Apple Push Notifications are intimidating if you haven’t done it before. There’s certificate signing requests and a lot of boilerplate code. But if you set them up a few times the process is a lot less intimidating. I suppose it’s like that for anything you do. Do it enough and it’ll eventually start to be easy.
During this meetup I went through the Ray Wenderlich Push Notifications Tutorial. I cut the stream after we finished the introductions because this meetup required me to share my Apple Developer account page and I did not want to stream that to the entire internet.
Once I finished up the tutorial, we had a chance to sit around and discuss iOS programming. Jordan attended and asked questions about the best ways to get started on a project. I felt his pain.
I’ve been programming iOS for nearly 10 years and a strange thought comes up – “Where do I even begin?” I thought the most helpful thing to do was to share some podcasts and video tutorials.
Here are the podcasts I shared:
Here are the videos I shared:
On April 5th O’Neil will be presenting on Core Data. Please RSVP you’re interested in attending the next meetup.
During this meetup Adam Smith presented on a chat bot he created to keep himself from eating sugar. It’s call Sugarbot and it’s available for free on the App Store.
We skipped introductions during this meetup to save time. Then Adam setup a project in Google Dialogflow. I suggested the topic of dogs and he went with it. He showed us how to create context and intentions for the chatbot and demonstrated that it worked.
Tyler suggested that the bot’s favorite dog was a sheep dog and Adam coded it. When he asked the bot what its favorite breed was it answered sheep dog.
Next Adam showed us how he created the back end for the bot. He brought up a term that I had heard before but had never know what it meant – webhooks. Adam mentioned that any time he creates a service that requires a call to an API he creates a webhook so that if the server does not respond, his server can handle the failure, and report back to the app with his own failure message.
Noel asked Adam what kind of backend he had set up to send the push notifications. Adam, very kindly, showed us the backend he has set up in Laravel (php and mysql) to run an hourly cron job to send out the push notifications.
I was so inpsired by this talk that I made the topic for March 15th’s meetup Apple Push Notification servers. Already have a few sign ups! This week I’ll be researching how to set this up and if all goes well, I’ll be able to demo something like Whatsapp for messaging with a Firebase backend.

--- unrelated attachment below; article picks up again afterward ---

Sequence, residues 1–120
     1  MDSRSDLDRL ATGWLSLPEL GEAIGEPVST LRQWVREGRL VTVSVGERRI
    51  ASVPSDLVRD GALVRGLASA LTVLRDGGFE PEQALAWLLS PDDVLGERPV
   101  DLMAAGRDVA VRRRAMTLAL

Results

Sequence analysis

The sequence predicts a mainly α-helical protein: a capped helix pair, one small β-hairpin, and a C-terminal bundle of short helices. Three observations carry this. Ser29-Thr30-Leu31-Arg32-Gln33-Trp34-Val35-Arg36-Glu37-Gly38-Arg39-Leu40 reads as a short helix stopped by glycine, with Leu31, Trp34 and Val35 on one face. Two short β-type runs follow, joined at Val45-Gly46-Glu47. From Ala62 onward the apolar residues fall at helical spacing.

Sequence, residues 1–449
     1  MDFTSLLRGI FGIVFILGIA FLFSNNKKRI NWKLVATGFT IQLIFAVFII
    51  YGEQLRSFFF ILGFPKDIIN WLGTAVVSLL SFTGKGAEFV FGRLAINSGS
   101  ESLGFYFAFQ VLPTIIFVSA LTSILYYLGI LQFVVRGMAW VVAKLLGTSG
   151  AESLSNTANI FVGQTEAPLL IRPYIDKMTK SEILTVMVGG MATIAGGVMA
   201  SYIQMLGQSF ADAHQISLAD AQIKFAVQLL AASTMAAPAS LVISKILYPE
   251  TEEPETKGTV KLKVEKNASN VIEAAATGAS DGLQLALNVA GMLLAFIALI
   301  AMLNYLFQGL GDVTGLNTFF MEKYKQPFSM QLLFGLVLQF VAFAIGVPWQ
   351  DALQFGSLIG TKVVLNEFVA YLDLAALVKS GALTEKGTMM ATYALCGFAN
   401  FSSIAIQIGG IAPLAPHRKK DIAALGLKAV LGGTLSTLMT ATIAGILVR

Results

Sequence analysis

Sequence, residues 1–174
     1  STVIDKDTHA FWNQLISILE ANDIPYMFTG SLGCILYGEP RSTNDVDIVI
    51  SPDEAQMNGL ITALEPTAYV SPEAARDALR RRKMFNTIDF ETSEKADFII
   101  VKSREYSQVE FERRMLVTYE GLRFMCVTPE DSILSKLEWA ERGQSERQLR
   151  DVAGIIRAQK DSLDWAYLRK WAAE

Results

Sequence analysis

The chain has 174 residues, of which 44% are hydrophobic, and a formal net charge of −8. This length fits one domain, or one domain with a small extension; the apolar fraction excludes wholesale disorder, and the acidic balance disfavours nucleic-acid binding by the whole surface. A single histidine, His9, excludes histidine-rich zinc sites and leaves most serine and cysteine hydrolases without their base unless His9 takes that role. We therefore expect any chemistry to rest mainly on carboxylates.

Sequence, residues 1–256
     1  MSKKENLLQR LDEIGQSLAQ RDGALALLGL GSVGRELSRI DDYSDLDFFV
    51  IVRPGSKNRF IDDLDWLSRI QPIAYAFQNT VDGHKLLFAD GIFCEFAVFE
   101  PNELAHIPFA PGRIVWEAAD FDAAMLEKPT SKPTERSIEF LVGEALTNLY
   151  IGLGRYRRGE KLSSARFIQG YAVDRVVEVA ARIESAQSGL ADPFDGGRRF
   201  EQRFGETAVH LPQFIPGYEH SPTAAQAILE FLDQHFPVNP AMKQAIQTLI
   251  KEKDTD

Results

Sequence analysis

Please RSVP if you’re intersted in attending the meetup on March 15th on Apple Push Notificaitons.
During this meetup I covered ARKit 1.5. Previously with version 1.0 we were only able to detect horizontal planes. With ARKit 1.5 we are now able to detect vertical planes, irregular objects, and image tracking – in addition to horizontal planes.
I also experimented with the format of the meetup last night. Usually we do introductions then dive into the code. Last night we did introductions then I set a timer for 20 minutes and oversaw a conversation amongst the developers to find out what they thought about Augmented Reality.
During the talk I learned 3 things:
- AR will bring about a change where every surface that we see will be potential advertising space.
- AR will only take off when the consumer application (advertising) of the technology has fully landed.
- AR will allow two people to be looking at exactly the same thing but see completely different things.
That last point has been swimming around in my head ever since last night. It’s a fundamental change in how we deal with physical objects. Two things come up in hindsight that lead me to believe that this is a fundamental change that seems trivial but is actually 80% of the profound changes coming.
When I was making iOS apps in 2009 I totally missed the fact that the majority of time people spend on their phones was on text messaging. I missed the entire picture when Whatsapp offered a free international/multi-carrier messaging service.
During the coding portion of the meetup I live coded an ARKit 1.5 app that tracks images in augmented reality. Here’s a link to the code on github.
This meetup marked a year of iOS development meetups. This has always been the goal when I started out a year ago. After the meetup, during the ride home with my wife, I shared how pleased I was that I had made it to 52 meetups – a year of iOS meetups.
There are so many things that we covered over the past year. I’m planning to write up the list and email the developers to thank them for attending and if they didn’t get a chance to attend yet, what they have missed.
Finally, after doing a meetup a week for a year I am planning to try out something new. Going forward, I am planning to have meetups every first and third Thursday.